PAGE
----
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  • Dr Frantz Pierre-Louis & Lloyd Pierre-Louis

Technology/Electronics and Health

How could a modern man or woman live without the wonders of Internet? It is not hard to imagine the importance of technology/electronics in this day and age when we observe the huge place cell phones, tablets, among others take in the lives of children at home, at school, and everywhere they go. So, since the world of electronics was not as developed back then as it is nowadays, isn’t it interesting to take a look at its footprints, if any, on human health in general?

Thanks to electronics, it is now possible to relax listening to music, to pay the bills without taking not even one step towards the bank, monitor heart rate and biological indicators among others. How fantastic! Hence, electronics has a positive aspect on health… So, there is no problem, right? Wrong! In fact, one cannot deny the benefits of technology on health and human life on a functional point of view. However, many aspects of technology are darker than the pinky-easy impression generally portrayed to the common user.

As a matter of fact, electronic apparels and devices resulting from the development of modern technology could probably be dangerous to human health on a short-mid-long term. Cellular phones and other wireless devices expose humans to radiofrequency (not forgetting electromagnetic fields) which is potentially (probably) dangerous (suspected to cause hypersensitivity, cancer, among others). Thus, listening to music through a wireless device is relaxing indeed (release of feel-good hormones), but could paradoxically endanger people around who are exposed to the radiofrequency signals emitted as a result of this fun and “healthy” activity. Moreover, the disposal (at end of life cycle) of many electronic devices (defined as e-waste) destined to provide health benefits is a situation of health prevention concern at best in modern countries, but of public health catastrophe in poor countries at worst. Indeed, hazardous substances in electronic components such as lead and mercury from batteries could leak from that e-waste to contaminate the environment and affect the human health.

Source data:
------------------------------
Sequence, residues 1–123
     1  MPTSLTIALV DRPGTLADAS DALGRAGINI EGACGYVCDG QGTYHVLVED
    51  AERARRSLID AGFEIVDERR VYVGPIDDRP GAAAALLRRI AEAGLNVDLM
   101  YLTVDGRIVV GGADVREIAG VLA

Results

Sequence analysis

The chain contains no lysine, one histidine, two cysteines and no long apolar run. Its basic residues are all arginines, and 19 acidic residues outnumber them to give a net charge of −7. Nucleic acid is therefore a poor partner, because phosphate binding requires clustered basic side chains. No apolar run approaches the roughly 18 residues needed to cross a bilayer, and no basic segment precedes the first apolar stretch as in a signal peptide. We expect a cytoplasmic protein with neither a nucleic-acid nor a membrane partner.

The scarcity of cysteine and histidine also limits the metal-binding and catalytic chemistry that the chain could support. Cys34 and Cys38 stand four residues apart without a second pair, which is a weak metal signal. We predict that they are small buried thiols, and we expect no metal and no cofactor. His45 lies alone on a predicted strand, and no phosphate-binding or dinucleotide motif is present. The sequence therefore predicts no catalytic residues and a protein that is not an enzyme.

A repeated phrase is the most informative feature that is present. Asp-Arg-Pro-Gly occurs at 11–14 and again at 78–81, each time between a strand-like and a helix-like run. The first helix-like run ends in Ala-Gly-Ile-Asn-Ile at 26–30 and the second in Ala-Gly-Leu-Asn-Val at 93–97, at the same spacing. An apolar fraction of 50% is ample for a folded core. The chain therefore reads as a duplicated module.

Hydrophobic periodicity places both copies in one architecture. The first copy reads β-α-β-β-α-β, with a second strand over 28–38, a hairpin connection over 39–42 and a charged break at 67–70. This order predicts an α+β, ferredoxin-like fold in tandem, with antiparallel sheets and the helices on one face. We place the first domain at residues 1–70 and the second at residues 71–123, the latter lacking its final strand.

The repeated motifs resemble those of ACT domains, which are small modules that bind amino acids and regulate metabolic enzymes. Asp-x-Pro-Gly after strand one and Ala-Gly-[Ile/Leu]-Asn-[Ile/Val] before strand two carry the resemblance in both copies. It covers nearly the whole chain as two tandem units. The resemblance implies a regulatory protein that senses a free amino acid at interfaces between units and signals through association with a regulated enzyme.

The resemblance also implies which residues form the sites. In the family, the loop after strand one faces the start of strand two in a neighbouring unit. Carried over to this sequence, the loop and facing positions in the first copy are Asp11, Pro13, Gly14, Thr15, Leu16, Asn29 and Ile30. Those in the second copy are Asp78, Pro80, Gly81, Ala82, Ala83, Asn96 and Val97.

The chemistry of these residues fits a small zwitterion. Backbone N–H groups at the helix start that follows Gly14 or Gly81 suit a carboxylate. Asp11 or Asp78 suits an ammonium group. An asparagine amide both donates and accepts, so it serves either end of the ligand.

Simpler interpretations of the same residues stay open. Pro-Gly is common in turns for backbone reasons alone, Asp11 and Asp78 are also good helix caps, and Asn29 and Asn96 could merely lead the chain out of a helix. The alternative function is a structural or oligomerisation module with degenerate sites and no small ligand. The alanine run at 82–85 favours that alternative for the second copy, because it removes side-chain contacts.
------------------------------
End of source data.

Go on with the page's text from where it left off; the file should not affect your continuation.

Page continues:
Before concluding, the best way to promote the primacy of health over unthoughtful use of technology is to take into account not only the obvious hazards such as electrocution risks, addiction through excessive, obsessive and unnecessary use of it, etc., but also potential risks already suspected but not clearly demonstrated medically yet.

Therefore, not also looking at the situation of technology and electronics on the flip side would be one of the biggest mistakes in the history of human evolution.

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